Cleaning 101: Tackling Your Small Appliances

Cleaning 101: Tackling Your Small Appliances

Sarah Rae Smith
Oct 21, 2010

With Fall in the air, it seems as though we're using more small appliances than ever and even though some of them aren't season specific, they're all getting a workout lately. From stand mixers to waffle makers, now is a great time to give your small appliances a once over — but do you really know how?

Here's a few of the most popular small home appliances that we put to use in the kitchen. Some of them are a snap to clean up and others might require a few extra measures. Check out the answers below and make sure to add your tips in the comments if you've found a cleaning method that works great at your house!

• Toasters: Check out this handy guide on giving your toaster a good cleaning. It as well as your toast will thank you.

• Toaster Oven: Most spills and messes in your toaster oven can wipe right up, but if you've got grease happening or something major, check out these great reader suggestions in the comments of this previous post, all of them sound like they'll get the job done in a jiffy!

• Microwave: Though most of us have the hang of this one, if your microwave still perplexes you, check out this tutorial on making it shine (and smell less of spaghetti), once more.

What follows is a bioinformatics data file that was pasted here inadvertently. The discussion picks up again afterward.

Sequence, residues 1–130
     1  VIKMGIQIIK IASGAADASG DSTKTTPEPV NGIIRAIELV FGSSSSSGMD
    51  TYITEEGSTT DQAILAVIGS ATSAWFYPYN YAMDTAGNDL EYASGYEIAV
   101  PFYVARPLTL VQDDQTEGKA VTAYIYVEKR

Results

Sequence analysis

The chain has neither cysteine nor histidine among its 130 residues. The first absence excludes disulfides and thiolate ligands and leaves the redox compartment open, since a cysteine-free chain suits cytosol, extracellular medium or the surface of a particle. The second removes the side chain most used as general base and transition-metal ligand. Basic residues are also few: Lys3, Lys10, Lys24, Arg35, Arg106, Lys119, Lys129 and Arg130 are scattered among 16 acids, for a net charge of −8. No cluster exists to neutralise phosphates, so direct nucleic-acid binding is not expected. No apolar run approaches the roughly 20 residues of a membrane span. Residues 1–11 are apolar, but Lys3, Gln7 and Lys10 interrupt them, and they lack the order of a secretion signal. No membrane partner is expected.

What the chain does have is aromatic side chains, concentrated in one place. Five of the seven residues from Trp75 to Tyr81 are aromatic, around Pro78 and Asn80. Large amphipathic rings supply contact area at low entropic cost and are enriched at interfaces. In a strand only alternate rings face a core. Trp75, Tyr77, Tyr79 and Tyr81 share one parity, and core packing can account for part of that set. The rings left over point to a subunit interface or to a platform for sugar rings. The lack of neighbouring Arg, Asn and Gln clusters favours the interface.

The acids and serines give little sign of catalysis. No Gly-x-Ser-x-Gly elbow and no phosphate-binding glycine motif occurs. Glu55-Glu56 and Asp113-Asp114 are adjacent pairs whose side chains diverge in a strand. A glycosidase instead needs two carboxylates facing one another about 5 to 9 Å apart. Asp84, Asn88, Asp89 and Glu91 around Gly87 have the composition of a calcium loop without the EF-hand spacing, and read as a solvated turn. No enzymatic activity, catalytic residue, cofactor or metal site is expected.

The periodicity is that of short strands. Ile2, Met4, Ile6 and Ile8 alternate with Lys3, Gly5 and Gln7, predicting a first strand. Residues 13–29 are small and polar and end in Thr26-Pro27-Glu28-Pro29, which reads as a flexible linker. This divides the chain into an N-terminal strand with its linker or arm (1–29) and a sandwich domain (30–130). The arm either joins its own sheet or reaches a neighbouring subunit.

• Electric Kettle: If you have more harsh water than some, your kettle will need a cleaning after awhile. You might see deposits or marks inside. Fill your kettle to the full line with vinegar. Boil, allow to cool. Boil again and then toss in a few tablespoons of salt. Swish it around, pour the whole thing out and fill with cool water. Reboil (might have to do it twice) and you'll be good as new!

• Waffle Maker: If your waffle maker is cast iron, then you'll need to re-season it. If not and it's a non-stick surface, make sure the unit is unplugged and use a nylon scrubbing pad, microfiber cloth or small brush to clean in between all the bumpy bits. Rinse gentle with a damp towel and make sure to wipe down the body of the unit as well. It's amazing the placed waffle batter can really go!

• Food Processor: To start, after using, always rinse all the different parts of your machine. It seems that anything that dries on the plastic surfaces becomes almost impossible to get off later. Tough bits can be removed with a magic eraser sponge and often times a bottle brush will get in small holes easily. If you need to let the bowl soak, flip a cup upside down over the hole in the middle and weigh it down with something heavy (we usually use another mug full of water). Fill with soapy water and this should buy you a half hours worth of time.

• Stand Mixers: A magic eraser will take care of most of your dried on brownie batter, try using a skewer covered with a wet towel to get into the small places.

• Panini Press: Unplug the unit and clean with a nylon scrubber with a little soap. Don't use anything sharp to de-crust anything that's been baked on, if you need to wet a towel with the hottest water possible, wring it out and place over the baked on food. Let sit for 15 minutes and return and try again.

• Electric Wok & Skillet: Make sure the unit is 100% cool before starting to clean. Any temperature change will cause the metal to warp. Use a nylon scrubber and soapy water to clean the surface. Rinse with water and towel dry.

Do you have a small appliance we missed? Let us know in the comments below!

Related: 5 Tools To Help You Clean Your Small Appliances

(Image: Flickr member JeremyMcWilliams licensed for use by Creative Commons)

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